On the occasion of International Women’s Day 2014 - celebrated on March 8 around the world - UN Women Executive Director Phumzile Mlambo-Ngcuka stresses that…
Few people dispute that the United Nations peacekeeping mission in Haiti, known by its French acronym, MINUSTAH, is culpable for introducing the devastating cholera epidemic to that country. Yet the U.N. continues to evade responsibility. The U.S. government must decide Friday whether to support the victims’ right to their day in court or bolster the U.N.’s impunity. The U.S. is authorized by law to file a statement of interest with the court outlining its position, as it has done in previous cases.
The deadly outbreak first hit Haiti in October 2010, ten months after a calamitous earthquake killed more than 200,000 people and ravaged the country’s already crumbling infrastructure. The diarrheal disease, which had not been seen in Haiti in at least a century, infected hundreds of thousands within months. Haiti now hosts the world’s largest cholera epidemic: Between 2010 and 2012, cholera cases there represented half of the total reported to the World Health Organization. To date, 8,500 people have died and more than 700,000 have been sickened by the waterborne pathogen. By the U.N.’s own estimate, another 2,000 Haitians may die from cholera in 2014.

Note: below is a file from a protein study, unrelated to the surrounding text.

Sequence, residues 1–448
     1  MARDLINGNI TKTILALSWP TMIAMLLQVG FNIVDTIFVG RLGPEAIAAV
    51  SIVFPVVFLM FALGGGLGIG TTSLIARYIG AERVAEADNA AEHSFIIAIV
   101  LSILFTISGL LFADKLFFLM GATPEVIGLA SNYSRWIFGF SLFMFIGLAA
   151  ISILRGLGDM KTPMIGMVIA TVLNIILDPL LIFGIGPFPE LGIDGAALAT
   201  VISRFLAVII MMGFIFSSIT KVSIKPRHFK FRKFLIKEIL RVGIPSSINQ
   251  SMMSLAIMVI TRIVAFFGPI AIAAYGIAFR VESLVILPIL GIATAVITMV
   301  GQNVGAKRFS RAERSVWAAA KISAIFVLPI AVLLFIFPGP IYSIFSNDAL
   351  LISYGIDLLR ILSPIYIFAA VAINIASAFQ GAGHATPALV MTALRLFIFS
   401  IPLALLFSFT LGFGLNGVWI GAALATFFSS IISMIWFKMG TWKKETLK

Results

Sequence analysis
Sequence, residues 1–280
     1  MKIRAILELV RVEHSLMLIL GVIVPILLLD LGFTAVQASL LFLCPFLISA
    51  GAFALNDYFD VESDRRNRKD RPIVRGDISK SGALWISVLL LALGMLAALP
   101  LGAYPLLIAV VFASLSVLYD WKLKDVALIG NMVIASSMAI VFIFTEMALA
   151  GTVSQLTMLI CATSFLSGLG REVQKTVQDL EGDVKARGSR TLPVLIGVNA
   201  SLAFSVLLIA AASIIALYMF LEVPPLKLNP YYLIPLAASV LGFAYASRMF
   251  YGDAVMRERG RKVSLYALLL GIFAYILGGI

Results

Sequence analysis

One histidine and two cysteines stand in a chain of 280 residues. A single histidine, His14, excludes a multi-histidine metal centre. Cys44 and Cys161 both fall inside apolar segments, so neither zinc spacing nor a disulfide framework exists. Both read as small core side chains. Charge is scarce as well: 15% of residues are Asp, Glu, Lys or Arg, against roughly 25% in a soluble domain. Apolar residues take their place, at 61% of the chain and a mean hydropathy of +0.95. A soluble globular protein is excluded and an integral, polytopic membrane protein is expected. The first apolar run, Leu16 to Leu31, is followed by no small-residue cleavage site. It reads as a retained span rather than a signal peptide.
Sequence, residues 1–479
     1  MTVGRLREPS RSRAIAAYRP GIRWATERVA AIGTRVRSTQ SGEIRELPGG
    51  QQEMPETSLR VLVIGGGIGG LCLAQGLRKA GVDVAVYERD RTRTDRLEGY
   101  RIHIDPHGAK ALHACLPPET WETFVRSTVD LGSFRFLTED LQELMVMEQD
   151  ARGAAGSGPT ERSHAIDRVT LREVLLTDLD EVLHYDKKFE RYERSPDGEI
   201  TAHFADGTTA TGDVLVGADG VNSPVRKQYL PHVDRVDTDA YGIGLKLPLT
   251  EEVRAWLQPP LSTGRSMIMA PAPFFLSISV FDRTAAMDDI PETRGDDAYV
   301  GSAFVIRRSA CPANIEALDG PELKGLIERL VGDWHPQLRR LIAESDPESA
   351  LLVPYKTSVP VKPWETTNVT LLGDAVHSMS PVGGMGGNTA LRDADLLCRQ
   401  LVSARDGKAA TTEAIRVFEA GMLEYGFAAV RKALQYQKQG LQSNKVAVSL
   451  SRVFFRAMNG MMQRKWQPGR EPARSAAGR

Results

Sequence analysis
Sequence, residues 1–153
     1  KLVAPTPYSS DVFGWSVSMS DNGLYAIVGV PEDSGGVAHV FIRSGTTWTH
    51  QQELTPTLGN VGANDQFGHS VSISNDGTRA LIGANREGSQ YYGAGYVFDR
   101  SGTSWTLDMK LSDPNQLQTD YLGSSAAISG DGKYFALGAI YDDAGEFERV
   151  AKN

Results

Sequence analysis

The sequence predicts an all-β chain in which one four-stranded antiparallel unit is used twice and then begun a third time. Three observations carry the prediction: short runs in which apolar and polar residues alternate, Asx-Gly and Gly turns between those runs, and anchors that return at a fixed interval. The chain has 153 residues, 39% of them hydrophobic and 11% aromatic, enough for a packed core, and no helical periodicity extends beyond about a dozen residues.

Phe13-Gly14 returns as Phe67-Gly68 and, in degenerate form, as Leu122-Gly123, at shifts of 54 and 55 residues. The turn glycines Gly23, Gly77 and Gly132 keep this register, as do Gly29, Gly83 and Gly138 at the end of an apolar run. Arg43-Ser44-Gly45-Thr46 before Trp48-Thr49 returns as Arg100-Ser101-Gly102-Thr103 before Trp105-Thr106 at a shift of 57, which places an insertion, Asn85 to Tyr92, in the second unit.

The U.N.’s liability has been independently verified. At least 10 studies, including a comprehensive report by Yale University’s Law School and School of Public Health, have confirmed the U.N.’s responsibility for the outbreak. “By causing the epidemic and then refusing to provide redress to those affected, the U.N. has breached its commitments to the Government of Haiti, its obligations under international law, and principles of humanitarian relief,” the Yale report said.
(Photo: Rodrigo Abd/AP)
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Historian, Basil Davidson visited the Arthur R. Ashe Jr., Foreign Policy Library in Washington D.C. in February 1994 to give a lecture on his experiences in Africa.
Listen to the lecture here.
About Basil Davidson: English born historian and journalist with particular expertise on pre-colonial Africa. He campaigned for Africa’s freedom from colonial rule and the oppression of apartheid.
Preview and download the podcast Africa Now - TransAfrica on iTunes. Read episode descriptions and customer reviews.
Lupita Nyong’o’s Oscar for “12 Years a Slave” has raised hopes of a much-needed boost to Kenya’s fledgling entertainment industry.